Concourt to hear appeal over home-based corporal punishment
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At present, the common law defence of “reasonable chastisement” allows parents to hit their children, with the justification of it being a form of discipline.
The question before the Constitutional Court is whether the practice should continue to be allowed, or whether it needs to be prohibited as it might violate children’s rights.
The case has landed in the apex court after the South Gauteng High Court last year found the defence of reasonable chastisement to be unconstitutional.
That case related to a father who had been found guilty of assaulting his 13-year old son for watching pornography.
“It is important to bear in mind that courts are enjoined to apply the rights contained in the Constitution. Courts have a constitutional obligation to develop the common law to bring it in line with the values that underlie our Constitution. This is expressly recognised in section 39(2) of the Constitution,” the court had found.
Freedom of Religion SA (For SA) brought the appeal, arguing the high court judgment made criminals of well-meaning parents who loved their children.
For SA said while they opposed violence against children, there was a distinction between violence or abuse and mild physical correction.
“While many parents may choose to raise their children without any form of physical correction, For SA argues that more parenting tools are needed, not fewer.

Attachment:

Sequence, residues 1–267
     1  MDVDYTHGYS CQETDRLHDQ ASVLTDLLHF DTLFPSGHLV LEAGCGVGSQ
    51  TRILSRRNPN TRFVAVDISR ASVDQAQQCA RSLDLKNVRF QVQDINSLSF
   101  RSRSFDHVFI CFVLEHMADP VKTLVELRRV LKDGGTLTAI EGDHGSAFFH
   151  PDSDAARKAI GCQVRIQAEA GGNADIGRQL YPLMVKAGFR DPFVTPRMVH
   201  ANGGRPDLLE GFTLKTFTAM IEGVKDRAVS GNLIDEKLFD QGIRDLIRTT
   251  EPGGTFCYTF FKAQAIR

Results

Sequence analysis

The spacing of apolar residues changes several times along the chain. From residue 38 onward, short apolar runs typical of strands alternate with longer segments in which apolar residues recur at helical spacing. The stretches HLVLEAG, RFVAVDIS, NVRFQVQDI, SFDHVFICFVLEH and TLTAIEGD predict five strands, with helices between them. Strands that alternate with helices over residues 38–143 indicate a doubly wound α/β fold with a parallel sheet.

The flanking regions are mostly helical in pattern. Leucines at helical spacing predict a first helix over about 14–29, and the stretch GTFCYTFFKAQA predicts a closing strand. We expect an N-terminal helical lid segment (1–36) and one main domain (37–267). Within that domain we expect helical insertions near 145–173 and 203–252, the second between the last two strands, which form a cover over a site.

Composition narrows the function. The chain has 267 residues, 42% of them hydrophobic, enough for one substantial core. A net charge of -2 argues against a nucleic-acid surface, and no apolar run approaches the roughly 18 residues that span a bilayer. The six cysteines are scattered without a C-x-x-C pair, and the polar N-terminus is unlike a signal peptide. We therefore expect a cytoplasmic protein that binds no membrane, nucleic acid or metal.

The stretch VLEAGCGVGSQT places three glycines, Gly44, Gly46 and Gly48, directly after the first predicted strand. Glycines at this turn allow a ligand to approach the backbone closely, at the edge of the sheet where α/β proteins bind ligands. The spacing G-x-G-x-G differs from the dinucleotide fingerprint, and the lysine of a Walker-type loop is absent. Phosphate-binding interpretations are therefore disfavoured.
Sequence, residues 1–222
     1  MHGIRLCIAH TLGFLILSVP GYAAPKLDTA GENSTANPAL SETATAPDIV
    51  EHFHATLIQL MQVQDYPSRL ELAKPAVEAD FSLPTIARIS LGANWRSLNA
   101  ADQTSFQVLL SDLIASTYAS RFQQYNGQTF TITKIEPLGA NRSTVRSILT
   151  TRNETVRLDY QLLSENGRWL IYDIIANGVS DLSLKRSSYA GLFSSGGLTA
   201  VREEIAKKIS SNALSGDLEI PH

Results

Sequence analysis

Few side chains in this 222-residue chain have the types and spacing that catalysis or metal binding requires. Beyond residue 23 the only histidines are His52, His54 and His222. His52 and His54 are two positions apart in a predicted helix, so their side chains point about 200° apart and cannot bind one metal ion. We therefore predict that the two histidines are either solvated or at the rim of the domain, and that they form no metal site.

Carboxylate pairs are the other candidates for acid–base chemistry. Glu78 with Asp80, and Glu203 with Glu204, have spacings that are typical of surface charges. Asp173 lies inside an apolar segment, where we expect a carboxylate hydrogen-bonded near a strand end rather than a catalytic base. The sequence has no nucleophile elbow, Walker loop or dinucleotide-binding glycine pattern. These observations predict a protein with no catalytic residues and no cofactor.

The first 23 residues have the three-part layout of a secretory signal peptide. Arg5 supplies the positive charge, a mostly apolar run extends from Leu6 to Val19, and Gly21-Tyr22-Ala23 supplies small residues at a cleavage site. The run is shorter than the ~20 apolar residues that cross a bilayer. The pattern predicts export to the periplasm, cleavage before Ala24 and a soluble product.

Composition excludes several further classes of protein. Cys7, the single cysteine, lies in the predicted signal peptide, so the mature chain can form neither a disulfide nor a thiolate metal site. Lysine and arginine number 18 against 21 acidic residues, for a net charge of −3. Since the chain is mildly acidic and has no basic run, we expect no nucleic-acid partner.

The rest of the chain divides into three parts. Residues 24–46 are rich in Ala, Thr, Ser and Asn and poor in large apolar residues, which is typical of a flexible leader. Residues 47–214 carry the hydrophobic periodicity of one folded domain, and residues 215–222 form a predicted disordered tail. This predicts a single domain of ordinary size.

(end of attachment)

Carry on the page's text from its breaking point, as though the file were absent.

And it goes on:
"Relying on extensive research by the American College of Paediatricians, (a researcher comments) that ‘every child is different, so not all disciplinary tactics will work as well for every child or for every situation with the same child.
"Parents need a full range of non-abusive disciplinary options to guide their children towards achieving their full potential,”’ For SA said.
The Children’s Institute and Sonke Gender Justice are among those admitted as amici curiae, or friends of the court.
Carol Bower from the Peace Centre said corporal punishment including smacking and spanking could have negative effects on children.
“The use of such punishment increases children’s aggressive behaviour. Children who are smacked or spanked are, for instance, more likely to act out against other children,” Bower said.
Divya Naidoo, child protection programme manager at Save the Children SA argued corporal punishment could result in immediate compliance, but did not lead to self-discipline.